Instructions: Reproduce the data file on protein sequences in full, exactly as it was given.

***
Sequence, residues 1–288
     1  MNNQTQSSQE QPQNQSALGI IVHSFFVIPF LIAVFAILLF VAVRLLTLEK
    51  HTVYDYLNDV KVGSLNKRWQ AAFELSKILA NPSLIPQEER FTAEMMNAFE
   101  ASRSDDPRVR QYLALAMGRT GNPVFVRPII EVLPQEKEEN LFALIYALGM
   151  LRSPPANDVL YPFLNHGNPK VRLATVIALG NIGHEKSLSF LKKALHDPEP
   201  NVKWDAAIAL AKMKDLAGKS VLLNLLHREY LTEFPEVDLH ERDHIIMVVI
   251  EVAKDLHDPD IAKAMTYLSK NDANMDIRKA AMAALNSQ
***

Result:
Sequence, residues 1–288
     1  MNNQTQSSQE QPQNQSALGI IVHSFFVIPF LIAVFAILLF VAVRLLTLEK
    51  HTVYDYLNDV KVGSLNKRWQ AAFELSKILA NPSLIPQEER FTAEMMNAFE
   101  ASRSDDPRVR QYLALAMGRT GNPVFVRPII EVLPQEKEEN LFALIYALGM
   151  LRSPPANDVL YPFLNHGNPK VRLATVIALG NIGHEKSLSF LKKALHDPEP
   201  NVKWDAAIAL AKMKDLAGKS VLLNLLHREY LTEFPEVDLH ERDHIIMVVI
   251  EVAKDLHDPD IAKAMTYLSK NDANMDIRKA AMAALNSQ